At a AAA developer like Gas Powered Games, I started at 45k as an associate, we had senior/lead developers upwards of 120k.

            Our QA also made between 30k-55k as well, depending on seniority and title.

            These figures are pretty standard in the area I work as well, there’s an EA studio across the street and they pay roughly the same for developers and QA.

            The Game Developer’s Salary Survey is actually pretty accurate for mainstream game companies. In fact, a lot of developers use that average to barter for higher pay, especially people below or at the average. You’ll see sharp declines in pay when you go into unknown third party and indie development because they sometimes don’t work or get paid for months on end.

            $1.1 million dollars for a AAA quality RTS is nowhere near enough for development from start to finish. Realistically, you’d be looking at a *minimum* of $10 million. However, if they’ve already got a bunch of licenses paid for, tools and engine built, and a small team (less than the 40 people he laid off) … $1.1 million *might* get you 6 months of development time for maybe 12-15 devs. There are a lot of hidden costs that most people don’t realize. Insurance is a HUGE one – both medical and corporate. Advertising as well. Legal fees. Building rent. Utilities. Hardware. Software licenses. It adds up, very quickly. Salary isn’t the only expense. In fact, it’s probably a little less than half of the total cost of running a team.

          • malkav11 says:

            I am not in game development, but I make about $38k a year and I will tell you that that only allows me discretionary spending because I am a single adult with no debt, no major expenses aside from rent, utilities and food, and no car. If I had children, owned a car, owned property, had student loans, etc, I would be just barely scraping by, and I don’t live in a particularly costly part of the United States (Saint Paul, which appears to be right about average on cost of living indexes). A significant amount of the gaming industry is located in California, which has a much higher cost of living. GPG itself is in Redmond, WA, which appears to be anywhere from 20-50% higher than US average depending on which index you consult. 36k a year seems pretty unrealistic.

          • plugmonkey says:

            Wow. Us European developers are getting screwed then. And I remain surprised the big devs don’t move more development over here. It’s not like we’re no good at it, and you can get away with a 40-45% salary cut across the board.

            Anyway, on a side note, GPG have said somewhere that Wildman is most definitely NOT a AAA RTS, which they also say would cost around $10m. That was Kings and Castles, which was the “bigger is not better” game that they’ve put permanently on hold.

        • InternetBatman says:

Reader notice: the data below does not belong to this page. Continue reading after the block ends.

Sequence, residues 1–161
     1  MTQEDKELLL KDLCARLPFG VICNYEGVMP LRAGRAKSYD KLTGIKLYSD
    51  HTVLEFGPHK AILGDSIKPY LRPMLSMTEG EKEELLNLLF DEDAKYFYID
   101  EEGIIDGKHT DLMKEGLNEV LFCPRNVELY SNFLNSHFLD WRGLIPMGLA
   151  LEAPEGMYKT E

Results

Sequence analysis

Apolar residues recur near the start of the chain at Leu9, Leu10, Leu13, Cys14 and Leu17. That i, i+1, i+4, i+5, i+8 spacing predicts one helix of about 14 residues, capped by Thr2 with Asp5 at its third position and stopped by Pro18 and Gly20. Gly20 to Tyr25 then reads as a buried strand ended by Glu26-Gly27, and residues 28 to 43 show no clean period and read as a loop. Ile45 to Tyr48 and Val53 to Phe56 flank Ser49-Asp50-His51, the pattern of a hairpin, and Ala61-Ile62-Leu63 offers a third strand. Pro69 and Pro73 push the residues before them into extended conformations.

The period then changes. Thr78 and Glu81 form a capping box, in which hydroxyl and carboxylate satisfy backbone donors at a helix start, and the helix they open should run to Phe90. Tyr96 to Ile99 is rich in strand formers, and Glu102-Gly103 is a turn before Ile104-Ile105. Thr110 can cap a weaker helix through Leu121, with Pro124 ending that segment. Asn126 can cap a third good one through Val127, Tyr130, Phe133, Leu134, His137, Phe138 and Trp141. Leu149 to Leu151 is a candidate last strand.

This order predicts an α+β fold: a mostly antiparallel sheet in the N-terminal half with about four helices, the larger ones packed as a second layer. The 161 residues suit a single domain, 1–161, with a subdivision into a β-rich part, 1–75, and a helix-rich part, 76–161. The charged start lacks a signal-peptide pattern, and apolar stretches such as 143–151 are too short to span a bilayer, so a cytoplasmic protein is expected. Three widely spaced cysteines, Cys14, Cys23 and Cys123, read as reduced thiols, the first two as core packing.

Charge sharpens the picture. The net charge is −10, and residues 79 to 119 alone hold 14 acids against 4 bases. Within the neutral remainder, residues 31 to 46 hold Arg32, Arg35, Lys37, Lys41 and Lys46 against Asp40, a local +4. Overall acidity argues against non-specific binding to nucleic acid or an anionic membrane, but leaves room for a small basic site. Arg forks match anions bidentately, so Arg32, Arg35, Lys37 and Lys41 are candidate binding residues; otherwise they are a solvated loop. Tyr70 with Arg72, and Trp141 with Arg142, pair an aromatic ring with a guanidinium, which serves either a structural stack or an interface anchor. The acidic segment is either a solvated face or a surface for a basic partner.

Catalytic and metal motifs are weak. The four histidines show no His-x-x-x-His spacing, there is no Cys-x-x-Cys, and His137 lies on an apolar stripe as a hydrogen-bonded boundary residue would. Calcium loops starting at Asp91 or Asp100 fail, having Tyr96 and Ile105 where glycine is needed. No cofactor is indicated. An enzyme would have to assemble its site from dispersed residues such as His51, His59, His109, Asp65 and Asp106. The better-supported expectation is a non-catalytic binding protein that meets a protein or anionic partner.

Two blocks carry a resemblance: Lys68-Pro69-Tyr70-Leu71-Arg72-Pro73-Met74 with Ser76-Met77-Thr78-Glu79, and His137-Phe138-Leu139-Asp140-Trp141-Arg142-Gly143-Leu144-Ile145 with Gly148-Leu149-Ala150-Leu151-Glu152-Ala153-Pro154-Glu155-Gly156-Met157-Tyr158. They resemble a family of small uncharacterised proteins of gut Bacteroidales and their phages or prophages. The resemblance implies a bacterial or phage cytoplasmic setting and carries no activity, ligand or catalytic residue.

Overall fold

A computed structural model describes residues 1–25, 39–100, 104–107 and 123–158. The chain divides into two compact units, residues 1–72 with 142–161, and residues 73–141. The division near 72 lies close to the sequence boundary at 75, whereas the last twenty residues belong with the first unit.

Keep in mind that Bastion was made by 7 people in one and a half years (probably less than that once office setup time is factored in), and this is a group experienced in the genre they’re making and working together.

          A RTS would require more work, but if you were paying $62.5k a year for developers you could get 17.6 man-years out of the $1.1m. The fixed costs of rent and internet are far smaller than the fixed costs for equipment.

  8. Rao Dao Zao says:

    Surely if they’ve got several almost-complete games that have been dropped, they could kickstart for small amounts to just finish them off and then start selling them? Most be some revenue to be had there rather than letting it all go down the drain, and less risky than going all-in on something totally new.

    Then they can stick their tongues out at the dafties that pulled out and go “nyah nyah, they were profitable after all!”

    … Unless they were MMOs.

    • Low Life says:

      They likely don’t own any of the stuff they’ve been making, all the rights belong to the publisher.

  9. Syra says:

    frankly the whole thing smells a bit like a publicity stunt to me.

  10. StingingVelvet says:

    The prevailing reaction to this whole kickstarter and game seems to be “who gives a shit,” which is something I think they need to look closely at. Too late for a redesign obviously but they might want to adjust the plan as much as they can.

  11. Mario Figueiredo says:

    I would consider contributing to this project if I knew of anyone that was summarily fired did exactly that. But, despite Chris Taylor crocodile tears, I doubt those that were fired felt it was really that necessary.

    • Grygus says:

      He fired them while he could still pay severance without bankrupting the company. So no, it wasn’t necessary in the sense that he wasn’t completely broke, but yes it was necessary in the sense that he doesn’t see an income stream starting anytime soon, so if he didn’t fire them, the money was going to run out and they’d end up fired in six months, only with no severance and with the company in debt. He handled it like a businessman instead of like a game developer in over his head; that’s probably what’s confusing you.

      • LionsPhil says:

        I don’t know; I think some of the businessmen take the “get the scrubs to work for you for a few more months before they realize none of the paychecks are clearing or are ever going to clear” option too.